Who do I ask? Not me. I just do irrigation repair. You need to talk to…

Well, not me, that’s for sure. I’ll tell you why. First, the questions being asked:

  • Why are my leaves yellow?
  • What fertilizers do I need?
  • What plants should go behind my house in the shade?
  • Is my soil absorbing enough water?
  • What is the best herbicide for my yard?
  • Are you married?

Actually, I don’t get the last one a lot. If ever. The rest come up frequently in every variation. Why? What makes me such an expert? Well, I’m a licensed irrigator and I’m doing work in the customer’s yard. That makes me an expert on plants, right?

Did you see where I said I was a horticulturalist, botanist, gardener, arborist or even farmer? No? Well, I am related to a number of farmers and one horticulturalist but the knowledge is not DNA based. It is training, experience and education based. My training tells me how to get the water to your yard efficiently and economically. It doesn’t tell me what you need for your particular soil and landscaping. The question now is: who knows? How do you find the information you need? I’m going to work backwards, from the big guns down to local experts.

The Big Guns

In every county of the country there is a county extension agent. Every county of every state and Puerto Rico, no matter how small the population. As of this writing, Loving County, Texas is listed as the smallest county population in the nation with less than 100 people. Actually, only 82 as of the 2010 census but someone may have broken down there since. Loving County has a county extension agent.

Get to know your county extension agent. They know their business, help is generally free and their resources are vast. They can help with plants, fertilizers, insecticides, herbicides and general advice. To find yours, go to the United States Department of Agriculture Cooperative Extension System.

The more information you give them, the better they can help. One very important piece of information is the makeup of your soil. It’s more than just dirt. It has all kinds of important chemicals that can help or kill your plant, such as lime, phosphorus, potassium, calcium, sodium, nitrogen, iron and more.

Finding out what is in your soil is very easy and amazingly cheap. Most states have at least one college that has an agricultural program that will test your soil. Some soil tests run as low as $10. Many I found were only $15. Send them a sample, give the results to your county agent, listen to the advice and get ready for a very healthy yard.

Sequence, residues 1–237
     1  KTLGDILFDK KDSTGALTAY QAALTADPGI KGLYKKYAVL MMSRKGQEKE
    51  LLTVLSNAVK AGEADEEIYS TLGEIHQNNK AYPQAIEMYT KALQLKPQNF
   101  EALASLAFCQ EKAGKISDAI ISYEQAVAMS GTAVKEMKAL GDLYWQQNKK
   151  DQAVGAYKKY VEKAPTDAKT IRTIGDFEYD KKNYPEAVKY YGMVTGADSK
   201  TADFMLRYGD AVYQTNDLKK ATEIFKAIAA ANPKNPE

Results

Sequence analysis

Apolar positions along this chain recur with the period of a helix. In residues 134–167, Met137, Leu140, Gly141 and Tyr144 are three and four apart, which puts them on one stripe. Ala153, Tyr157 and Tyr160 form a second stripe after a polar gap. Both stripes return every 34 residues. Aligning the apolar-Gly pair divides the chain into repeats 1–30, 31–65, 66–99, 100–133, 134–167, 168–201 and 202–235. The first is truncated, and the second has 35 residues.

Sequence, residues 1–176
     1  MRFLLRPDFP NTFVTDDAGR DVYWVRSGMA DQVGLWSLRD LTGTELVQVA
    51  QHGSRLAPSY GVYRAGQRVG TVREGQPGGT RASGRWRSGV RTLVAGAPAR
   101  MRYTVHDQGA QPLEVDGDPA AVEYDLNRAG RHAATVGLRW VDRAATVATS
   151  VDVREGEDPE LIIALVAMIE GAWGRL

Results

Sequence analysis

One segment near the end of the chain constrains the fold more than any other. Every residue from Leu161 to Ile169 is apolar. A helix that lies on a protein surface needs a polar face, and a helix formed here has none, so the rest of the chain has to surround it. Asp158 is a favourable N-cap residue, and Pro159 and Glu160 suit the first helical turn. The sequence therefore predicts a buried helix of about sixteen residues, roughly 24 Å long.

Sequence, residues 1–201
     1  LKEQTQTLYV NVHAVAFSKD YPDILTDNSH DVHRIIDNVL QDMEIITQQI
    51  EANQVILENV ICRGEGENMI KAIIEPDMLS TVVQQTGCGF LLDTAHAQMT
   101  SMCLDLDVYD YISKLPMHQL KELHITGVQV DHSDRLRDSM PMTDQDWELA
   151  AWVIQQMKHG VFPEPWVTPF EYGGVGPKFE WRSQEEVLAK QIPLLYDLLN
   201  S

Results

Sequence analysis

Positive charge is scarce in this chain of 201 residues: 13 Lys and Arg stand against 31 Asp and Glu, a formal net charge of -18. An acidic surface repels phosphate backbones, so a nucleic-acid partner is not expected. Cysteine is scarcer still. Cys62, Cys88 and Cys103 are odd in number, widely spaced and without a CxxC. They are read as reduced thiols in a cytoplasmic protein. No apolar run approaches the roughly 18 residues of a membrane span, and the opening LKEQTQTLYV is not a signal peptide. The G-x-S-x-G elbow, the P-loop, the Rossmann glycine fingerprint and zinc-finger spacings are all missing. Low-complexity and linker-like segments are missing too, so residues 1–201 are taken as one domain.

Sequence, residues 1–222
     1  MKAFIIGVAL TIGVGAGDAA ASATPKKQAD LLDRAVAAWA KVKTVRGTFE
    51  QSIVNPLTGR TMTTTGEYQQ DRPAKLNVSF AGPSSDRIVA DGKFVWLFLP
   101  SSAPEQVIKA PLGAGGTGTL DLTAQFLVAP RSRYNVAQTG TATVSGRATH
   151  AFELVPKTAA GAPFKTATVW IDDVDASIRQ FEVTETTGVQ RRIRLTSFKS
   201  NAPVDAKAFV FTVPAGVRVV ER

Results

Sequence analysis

The universities listed here are purely random and provided as a country wide sample. The links will give you an idea of what tests are available. To find one in your area go to your web search engine and enter your state name and ‘soil analysis’. You will find one.

University Websites With Soil Analysis Services
North Dakota State University http://www.ndsu.edu/soils/services/soil_testing_lab/
University of Idaho http://www.agls.uidaho.edu/asl/services.htm
University of Maine http://anlab.umesci.maine.edu/default.htm
Virginia Tech University http://www.soiltest.vt.edu/
Kansas State University http://www.agronomy.ksu.edu/soiltesting/p.aspx?tabid=34
University of Hawaii http://www.ctahr.hawaii.edu/Site/ADSC.aspx
Utah State University http://www.usual.usu.edu/
Texas A&M University http://soiltesting.tamu.edu/

Local Experts

Don’t want to go through all that? No problem. The key to finding good local advice is finding someone you can trust and who has experience in your area. These are both important. I’m pretty trustworthy, I think, but you don’t want my advice on anything outside of my garage.

Get to know your local nursery. Real nurseries, not bulk distributors. Ask for any accreditations or degrees the company or its employees might have, such as Certified Nursery Professionals, horticulturist or botany degrees, arborist, master gardener certification, etc. There are national and regional certifications. Don’t hesitate to ask. They’ll be glad to show them to you. Find out how long they have been in business in your area. When you are satisfied, start asking questions. I have never found a nursery that was not more than willing to help.

Talk to a professional landscaper. Again, feel free to ask them for their credentials. Being a member of a regional landscape association is nice and can be of benefit but it’s not the same as that degree or certification. Ask for those. They should be proud to share them.

One note about professional landscapers: don’t expect it to be free. County agents and colleges are government funded. Your local nursery hopes to get your repeat business. A professional landscaper’s income is based on his/her knowledge and experience. Most of it is hard earned. It would not be right to ask them to give it away free. While they might give general advice just for goodwill, expect to pay a fair price for a real consultation. Since they can come to your house and see the actual conditions and plants they may be well worth the expense.

Who do you not ask, besides me? Your neighbor, for one. Plant damage can take a while to show. A good yard today doesn’t mean they didn’t just put down way too much fertilizer and it will be burned tomorrow. Some people think the best weed killer is gasoline or diesel. Care to guess what diesel does to your soil? It’s effective. No weed will ever grow there again. Nor anything else.

Ask a professional. You and your yard will benefit for years to come.

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